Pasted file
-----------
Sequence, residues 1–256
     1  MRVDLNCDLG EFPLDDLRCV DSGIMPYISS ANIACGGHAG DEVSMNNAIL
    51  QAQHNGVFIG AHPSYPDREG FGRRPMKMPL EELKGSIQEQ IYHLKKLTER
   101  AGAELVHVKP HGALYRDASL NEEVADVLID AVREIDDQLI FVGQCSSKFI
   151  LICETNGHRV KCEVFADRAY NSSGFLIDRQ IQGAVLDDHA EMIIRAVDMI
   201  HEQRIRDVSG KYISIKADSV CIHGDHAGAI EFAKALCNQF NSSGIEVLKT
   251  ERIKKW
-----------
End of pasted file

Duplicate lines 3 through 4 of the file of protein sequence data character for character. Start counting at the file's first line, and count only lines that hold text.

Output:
    51  QAQHNGVFIG AHPSYPDREG FGRRPMKMPL EELKGSIQEQ IYHLKKLTER
   101  AGAELVHVKP HGALYRDASL NEEVADVLID AVREIDDQLI FVGQCSSKFI